Size: 8 x 40,14 x 40, -40
Potassium: 3.5% (plant
available but not water soluble)
Calcium:1.6% which is a pH
buffer and plant nutrient
Sodium: <0.5% (none water
BRZ™ has been used extensively for the
development of golf course greens. It is an
excellent soil amendment for sports fields,
commons areas, parks, lawns, gardens, for any
sandy soils, and for higher value crops such as
vegetables, fruits, potatoes, alfalfa, etc.
For the construction of new golf course greens
and tees, lawns, gardens, or for sandy soils
replace 10 to 20 % of the sand with an equal
volume of BRZ™. This should be applied in the
top 2 to 4 inches. For top dressing,
approximately 30 to 60 pounds should be applied
per 1,000 square feet or 1,200 to 2,500 pounds
per acre. To enhance aerification after
plugging, apply 60 to 150 pounds per 1,000
square feet or 2,500 to 6,500 pounds per acre.
For crops and grasses successful improvements
have been realized with as little as 1 ton per
acre. Generally, 2 to 10 tons per acre are
applied depending on the composition of the soil
being treated. BRZ™ can be spread by hand
broadcasting, using a manure spreader, or by
other devices. Although top dressing works,
generally it is better to mix the BRZ™ in the
top 2 to 4 inches with a roto-tiller, spike
tooth harrow, or a disc harrow. Plowing BRZ™ in,
places it deeper than necessary. For row crops
such as corn or soybeans, BRZ™ can be applied
with a side disc or by side banding. After
application, the area must be irrigated, because
fresh BRZ™ will absorb moisture from the
surrounding soil and can result in dehydration
of the plants or grasses.
BRZ™ has two methods of holding fluids and plant
nutrients. The first is by "absorption". It will
absorb up to 55 % of its weight in water or
other liquids. Water, ammonium (nitrogen), and
other plant nutrients that are held in this
position are loosely held and are water soluble.
This is the first big advantage the zeolite
offers a drought insurance program. In sandy
soils where the water permeates through the
growth zone to the aquifer, it will hold the
water in the growth zone. The second method is
absorption by cation exchange (measured as
cation exchange capacity or “CEC”). BRZ™ holds
cations such as ammonium (nitrogen), potassium,
calcium, and other plant nutrients within the
mineral lattice where it is not water- soluble.
However, the cations and plant nutrients are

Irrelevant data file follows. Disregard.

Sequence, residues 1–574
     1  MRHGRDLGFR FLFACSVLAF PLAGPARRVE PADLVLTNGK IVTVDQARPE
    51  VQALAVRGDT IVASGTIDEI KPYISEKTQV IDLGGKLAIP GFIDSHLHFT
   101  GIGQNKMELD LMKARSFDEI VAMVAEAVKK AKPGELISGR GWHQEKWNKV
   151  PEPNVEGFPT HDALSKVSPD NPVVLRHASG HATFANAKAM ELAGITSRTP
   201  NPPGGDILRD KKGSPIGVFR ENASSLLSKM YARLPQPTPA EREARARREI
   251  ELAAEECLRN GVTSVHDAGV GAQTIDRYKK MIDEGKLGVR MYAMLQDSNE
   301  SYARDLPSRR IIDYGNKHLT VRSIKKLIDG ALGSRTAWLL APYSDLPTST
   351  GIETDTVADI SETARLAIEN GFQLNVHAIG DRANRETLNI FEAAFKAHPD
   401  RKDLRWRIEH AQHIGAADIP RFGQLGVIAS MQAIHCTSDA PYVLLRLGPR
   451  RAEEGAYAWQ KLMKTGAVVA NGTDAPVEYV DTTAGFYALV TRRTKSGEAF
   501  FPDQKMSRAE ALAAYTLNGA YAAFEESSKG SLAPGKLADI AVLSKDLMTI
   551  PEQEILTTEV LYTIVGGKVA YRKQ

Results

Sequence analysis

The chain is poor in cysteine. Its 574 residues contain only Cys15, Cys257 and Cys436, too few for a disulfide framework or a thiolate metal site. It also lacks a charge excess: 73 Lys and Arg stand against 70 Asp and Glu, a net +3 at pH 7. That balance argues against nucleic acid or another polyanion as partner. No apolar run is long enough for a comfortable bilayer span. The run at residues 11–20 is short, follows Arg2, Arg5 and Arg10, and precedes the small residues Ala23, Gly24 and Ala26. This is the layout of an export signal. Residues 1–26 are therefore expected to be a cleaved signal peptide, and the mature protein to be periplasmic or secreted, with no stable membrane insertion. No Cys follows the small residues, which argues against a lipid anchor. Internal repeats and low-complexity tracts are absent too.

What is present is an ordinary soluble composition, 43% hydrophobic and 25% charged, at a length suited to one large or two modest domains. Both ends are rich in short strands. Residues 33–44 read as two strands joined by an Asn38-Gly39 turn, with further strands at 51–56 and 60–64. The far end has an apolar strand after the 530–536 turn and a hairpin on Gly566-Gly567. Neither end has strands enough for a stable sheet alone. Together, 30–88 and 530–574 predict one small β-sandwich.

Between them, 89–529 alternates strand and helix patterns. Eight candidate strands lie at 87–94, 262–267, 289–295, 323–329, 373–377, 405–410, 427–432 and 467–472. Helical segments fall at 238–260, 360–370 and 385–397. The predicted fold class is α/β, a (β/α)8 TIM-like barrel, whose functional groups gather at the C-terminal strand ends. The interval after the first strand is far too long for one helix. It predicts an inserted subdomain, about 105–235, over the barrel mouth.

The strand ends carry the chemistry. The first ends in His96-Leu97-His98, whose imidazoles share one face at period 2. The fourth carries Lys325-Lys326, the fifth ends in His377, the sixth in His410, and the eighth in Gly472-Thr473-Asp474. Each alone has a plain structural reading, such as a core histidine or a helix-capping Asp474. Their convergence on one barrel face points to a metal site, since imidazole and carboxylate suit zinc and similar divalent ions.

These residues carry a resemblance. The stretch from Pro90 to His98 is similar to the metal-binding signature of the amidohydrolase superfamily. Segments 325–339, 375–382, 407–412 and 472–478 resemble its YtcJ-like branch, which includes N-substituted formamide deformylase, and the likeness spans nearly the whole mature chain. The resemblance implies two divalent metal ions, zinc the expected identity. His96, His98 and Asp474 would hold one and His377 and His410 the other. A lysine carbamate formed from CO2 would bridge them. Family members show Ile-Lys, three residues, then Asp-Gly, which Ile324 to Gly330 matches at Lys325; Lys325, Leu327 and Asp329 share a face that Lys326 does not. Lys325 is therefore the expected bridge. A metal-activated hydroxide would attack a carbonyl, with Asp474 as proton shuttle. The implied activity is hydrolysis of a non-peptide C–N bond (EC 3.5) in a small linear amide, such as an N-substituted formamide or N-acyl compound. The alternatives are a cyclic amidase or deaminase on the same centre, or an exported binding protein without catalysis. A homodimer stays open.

plant accessible on a plant demand basis. The
nitrogen in this position, for instance, will
not burn the plant. This is the second big
advantage. The zeolite will hold nitrogen
fertilizers in the growth zone where they are
plant accessible. Typically, 30 to 35 % of the
conventional nitrogen fertilizers leach directly
to the water table where they cause pollution of
It reduces the amount of
water needed for irrigation by up to 35%.
It holds the moisture in the
It holds nitrogen in the
growth zone. By virtue of its high CEC, it
holds much of the nitrogen so that it is
plant accessible but not water-soluble.
Since 30 to 35% of most
nitrogen fertilizers leach through the
growth zone and report to the aquifer, it
reduces the nitrogen fertilizer requirement.
It will recharge itself with
nitrogen from rainwater and subsequent
fertilization application and will hold it
in the growth zone.
It helps prevent compaction,
increases infiltration, and helps the
aeration of deep root systems due to its
high surface area and porosity.
Compared to other domestic
zeolites, BRZ™ has a higher CEC which allows the
greater loading of plant nutrients such as
nitrogen and micronutrients such as magnesium,
sulfur, zinc, iron, manganese, boron,
molybdenum, copper, chlorine; contains
approximately 3.5% potassium which is a plant
nutrient; contains very low sodium which is
toxic to plants; has very little clay; and has a
clinoptilolite content of 80 to 90
BRZ™ is 100% natural and when
composted with manure, it becomes a “natural
BRZ™ will hold nitrogen and
will help prevent the pollution of the water
table by nitrates and nitrites.
It is pale green in color
unlike many zeolites that are white, and it
visually blends into lawns, greens, and tees
better than white material.
365 Coral Circle
El Segundo, CA 90245
Phone (310) 615-0116 Fax (310) 640-6863
September 19, 2001
Re: Zeolite growth experiment
Nine treatments were studied with radishes.
Gypsum was added to all zeolite treatments.
Gypsum was applied to lower the alkalinity.
Treatment 1 was zeolite with gypsum. The
growth of the radishes was poor. The leaves were
yellow. The average dry weight per plant shoot
was 24 milligrams.
Treatment 2 was zeolite plus 15% by
volume peat moss. Peat moss contains
micronutrients. It also would slightly dilute
the zeolite and may increase the aeration of the
media. The leaves were also yellow. The average
dry weight per plant shoot was 29 milligrams.
There was a slight increase in growth but
probably not statistically significant.
Treatment 3 was zeolite, 15% by volume
peat moss and 2 grams of hydroponic fertilizer.
All nutrients were supplied in the ratios of
plant requirement. Nitrogen was supplied in four
forms. This treatment will remove nutrients
deficiencies. The shoots were green. The yield
was 143 milligram dry weight per plant. This was
the second highest yield. Zeolite is supportive